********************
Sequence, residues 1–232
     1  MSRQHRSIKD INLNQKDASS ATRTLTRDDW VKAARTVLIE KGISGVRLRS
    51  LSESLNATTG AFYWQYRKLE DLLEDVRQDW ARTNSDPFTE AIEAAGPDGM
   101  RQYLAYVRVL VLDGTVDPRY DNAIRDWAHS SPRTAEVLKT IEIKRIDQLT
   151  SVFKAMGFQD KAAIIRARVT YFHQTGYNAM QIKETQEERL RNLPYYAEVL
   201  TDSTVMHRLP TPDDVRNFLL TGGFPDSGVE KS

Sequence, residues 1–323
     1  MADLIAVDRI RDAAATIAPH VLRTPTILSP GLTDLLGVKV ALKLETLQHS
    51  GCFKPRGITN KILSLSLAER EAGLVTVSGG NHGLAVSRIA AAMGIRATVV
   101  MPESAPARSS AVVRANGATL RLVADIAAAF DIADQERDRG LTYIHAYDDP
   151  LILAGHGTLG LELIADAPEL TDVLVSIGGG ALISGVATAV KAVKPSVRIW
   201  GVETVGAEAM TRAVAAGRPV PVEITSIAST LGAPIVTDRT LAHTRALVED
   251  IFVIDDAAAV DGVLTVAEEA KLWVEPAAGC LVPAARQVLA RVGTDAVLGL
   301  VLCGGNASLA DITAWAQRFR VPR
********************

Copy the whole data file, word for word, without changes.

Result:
Sequence, residues 1–232
     1  MSRQHRSIKD INLNQKDASS ATRTLTRDDW VKAARTVLIE KGISGVRLRS
    51  LSESLNATTG AFYWQYRKLE DLLEDVRQDW ARTNSDPFTE AIEAAGPDGM
   101  RQYLAYVRVL VLDGTVDPRY DNAIRDWAHS SPRTAEVLKT IEIKRIDQLT
   151  SVFKAMGFQD KAAIIRARVT YFHQTGYNAM QIKETQEERL RNLPYYAEVL
   201  TDSTVMHRLP TPDDVRNFLL TGGFPDSGVE KS

Sequence, residues 1–323
     1  MADLIAVDRI RDAAATIAPH VLRTPTILSP GLTDLLGVKV ALKLETLQHS
    51  GCFKPRGITN KILSLSLAER EAGLVTVSGG NHGLAVSRIA AAMGIRATVV
   101  MPESAPARSS AVVRANGATL RLVADIAAAF DIADQERDRG LTYIHAYDDP
   151  LILAGHGTLG LELIADAPEL TDVLVSIGGG ALISGVATAV KAVKPSVRIW
   201  GVETVGAEAM TRAVAAGRPV PVEITSIAST LGAPIVTDRT LAHTRALVED
   251  IFVIDDAAAV DGVLTVAEEA KLWVEPAAGC LVPAARQVLA RVGTDAVLGL
   301  VLCGGNASLA DITAWAQRFR VPR